That’s right, it’s an invasion, and you can take that statement however you wish. The now-ubiquitous curved heel actually comes in two forms: concave heel, which curves outward, and the convex heel, which curves inward toward the sole. The outward-shaped heels have been around for a few seasons now thanks to brands like Walter Steiger and Alexander McQueen, and the inward-curving heel has gained popularity because of Giuseppe Zanotti, among others. For fall, designers with aesthetics as disparate as Nicholas Kirkwood and Gucci are now incorporating this creative detail into their collections.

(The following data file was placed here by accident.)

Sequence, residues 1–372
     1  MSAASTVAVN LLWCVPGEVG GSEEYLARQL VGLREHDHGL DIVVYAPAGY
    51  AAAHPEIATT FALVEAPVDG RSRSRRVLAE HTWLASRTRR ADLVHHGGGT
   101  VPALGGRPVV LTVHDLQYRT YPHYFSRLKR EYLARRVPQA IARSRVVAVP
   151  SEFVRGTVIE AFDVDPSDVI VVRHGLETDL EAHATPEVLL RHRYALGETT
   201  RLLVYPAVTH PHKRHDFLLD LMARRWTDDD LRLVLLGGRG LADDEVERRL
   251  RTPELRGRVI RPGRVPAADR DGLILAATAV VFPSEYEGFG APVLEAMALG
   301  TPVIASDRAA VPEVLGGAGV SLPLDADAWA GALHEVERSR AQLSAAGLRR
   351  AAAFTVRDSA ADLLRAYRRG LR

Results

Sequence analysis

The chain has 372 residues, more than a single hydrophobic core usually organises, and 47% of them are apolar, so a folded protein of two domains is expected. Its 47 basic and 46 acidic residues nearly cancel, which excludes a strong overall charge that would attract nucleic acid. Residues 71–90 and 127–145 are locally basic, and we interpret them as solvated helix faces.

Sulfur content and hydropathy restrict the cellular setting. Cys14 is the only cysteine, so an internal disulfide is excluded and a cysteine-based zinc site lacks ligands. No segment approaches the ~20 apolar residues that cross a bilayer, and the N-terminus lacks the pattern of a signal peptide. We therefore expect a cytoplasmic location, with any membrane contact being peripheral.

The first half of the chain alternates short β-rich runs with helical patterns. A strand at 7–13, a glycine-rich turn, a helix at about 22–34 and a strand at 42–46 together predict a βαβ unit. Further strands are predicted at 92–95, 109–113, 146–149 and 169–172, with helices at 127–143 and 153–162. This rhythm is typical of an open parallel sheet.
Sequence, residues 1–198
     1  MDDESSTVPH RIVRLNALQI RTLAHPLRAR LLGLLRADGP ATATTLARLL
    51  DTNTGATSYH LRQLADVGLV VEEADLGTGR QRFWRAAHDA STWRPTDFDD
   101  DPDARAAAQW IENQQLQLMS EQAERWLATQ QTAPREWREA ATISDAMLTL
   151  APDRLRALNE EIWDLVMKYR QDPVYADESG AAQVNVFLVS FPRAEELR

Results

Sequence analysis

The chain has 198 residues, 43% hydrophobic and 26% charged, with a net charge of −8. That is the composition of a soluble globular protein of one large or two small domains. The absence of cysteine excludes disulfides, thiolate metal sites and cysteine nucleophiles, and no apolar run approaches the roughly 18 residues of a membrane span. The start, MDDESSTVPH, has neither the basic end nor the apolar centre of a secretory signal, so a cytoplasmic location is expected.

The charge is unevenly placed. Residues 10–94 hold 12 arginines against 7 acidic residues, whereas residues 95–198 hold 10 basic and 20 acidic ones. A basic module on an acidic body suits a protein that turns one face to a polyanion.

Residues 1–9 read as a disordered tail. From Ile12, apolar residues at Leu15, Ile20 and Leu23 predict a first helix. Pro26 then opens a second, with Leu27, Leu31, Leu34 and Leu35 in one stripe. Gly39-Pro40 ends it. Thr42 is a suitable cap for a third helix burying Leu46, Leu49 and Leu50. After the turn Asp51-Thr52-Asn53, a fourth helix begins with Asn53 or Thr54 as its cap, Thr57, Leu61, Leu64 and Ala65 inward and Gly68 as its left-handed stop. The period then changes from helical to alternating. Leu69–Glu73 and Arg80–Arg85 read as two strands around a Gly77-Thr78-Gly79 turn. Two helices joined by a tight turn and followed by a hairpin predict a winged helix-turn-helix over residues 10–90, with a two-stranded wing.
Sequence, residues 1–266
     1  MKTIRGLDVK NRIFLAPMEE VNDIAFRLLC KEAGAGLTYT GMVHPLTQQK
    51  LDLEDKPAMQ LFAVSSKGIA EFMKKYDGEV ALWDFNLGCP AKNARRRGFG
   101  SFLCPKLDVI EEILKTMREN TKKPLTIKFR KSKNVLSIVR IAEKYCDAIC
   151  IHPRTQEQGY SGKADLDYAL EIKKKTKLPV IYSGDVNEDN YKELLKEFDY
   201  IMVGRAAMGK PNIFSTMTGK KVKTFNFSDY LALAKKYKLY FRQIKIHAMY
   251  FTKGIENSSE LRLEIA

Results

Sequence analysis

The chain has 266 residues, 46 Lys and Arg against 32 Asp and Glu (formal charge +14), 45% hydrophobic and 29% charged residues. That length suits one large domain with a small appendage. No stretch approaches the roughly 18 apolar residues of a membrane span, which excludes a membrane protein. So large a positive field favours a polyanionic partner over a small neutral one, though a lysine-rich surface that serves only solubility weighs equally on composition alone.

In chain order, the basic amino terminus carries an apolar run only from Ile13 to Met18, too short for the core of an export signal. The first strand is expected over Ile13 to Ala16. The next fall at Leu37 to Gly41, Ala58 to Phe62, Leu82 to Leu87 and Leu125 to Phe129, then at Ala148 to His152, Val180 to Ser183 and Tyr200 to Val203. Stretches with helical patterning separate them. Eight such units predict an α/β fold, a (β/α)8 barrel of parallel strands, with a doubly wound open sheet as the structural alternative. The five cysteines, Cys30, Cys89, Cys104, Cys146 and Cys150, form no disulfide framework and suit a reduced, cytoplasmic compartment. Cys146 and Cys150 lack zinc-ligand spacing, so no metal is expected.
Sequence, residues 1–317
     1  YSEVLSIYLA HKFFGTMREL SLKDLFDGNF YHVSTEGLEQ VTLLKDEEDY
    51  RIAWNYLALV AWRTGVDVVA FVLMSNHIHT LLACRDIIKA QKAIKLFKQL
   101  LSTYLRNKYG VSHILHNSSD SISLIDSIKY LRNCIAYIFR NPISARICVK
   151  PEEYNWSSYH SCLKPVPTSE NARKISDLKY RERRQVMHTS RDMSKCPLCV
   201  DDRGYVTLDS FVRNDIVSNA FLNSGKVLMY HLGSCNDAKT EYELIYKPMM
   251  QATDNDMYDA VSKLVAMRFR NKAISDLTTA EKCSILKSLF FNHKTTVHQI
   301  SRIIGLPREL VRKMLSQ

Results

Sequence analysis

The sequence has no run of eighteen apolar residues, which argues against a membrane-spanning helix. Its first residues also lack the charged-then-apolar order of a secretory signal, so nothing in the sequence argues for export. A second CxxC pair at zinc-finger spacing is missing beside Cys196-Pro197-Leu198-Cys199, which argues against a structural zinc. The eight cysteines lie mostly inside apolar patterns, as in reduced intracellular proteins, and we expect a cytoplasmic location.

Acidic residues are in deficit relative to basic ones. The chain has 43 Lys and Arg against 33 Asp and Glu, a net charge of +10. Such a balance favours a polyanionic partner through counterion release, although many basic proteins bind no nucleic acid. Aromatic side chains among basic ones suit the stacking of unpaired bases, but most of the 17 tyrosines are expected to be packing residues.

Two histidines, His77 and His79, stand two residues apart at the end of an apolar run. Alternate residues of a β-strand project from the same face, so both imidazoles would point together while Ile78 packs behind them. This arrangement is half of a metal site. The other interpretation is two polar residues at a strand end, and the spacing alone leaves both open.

Let’s tackle the first question on everyone’s mind, comfort and wearability. Despite their architecturally daunting appearance, curved heels are actually very comfortable heels to walk in, or at least as comfortable as an average heel of a similar height. As long as the point of contact on the ground is the same as it would be if a stiletto heel were to take its place, how the heel gets from the bottom of your foot to that spot on the ground doesn’t make that big of a difference. On top of that, the curved heel, no matter its color, texture or material, offers a very different style than a straight heel can provide; it’s modern and sometimes a bit futuristic. Don’t believe me? Just look at Sarah Silverman’s $65 red carpet dress paired with Walter Steiger Taper Toe Platform Pumps. What are your thoughts – are you on board with the curved heel trend? We have some shoes below that might pique your interest.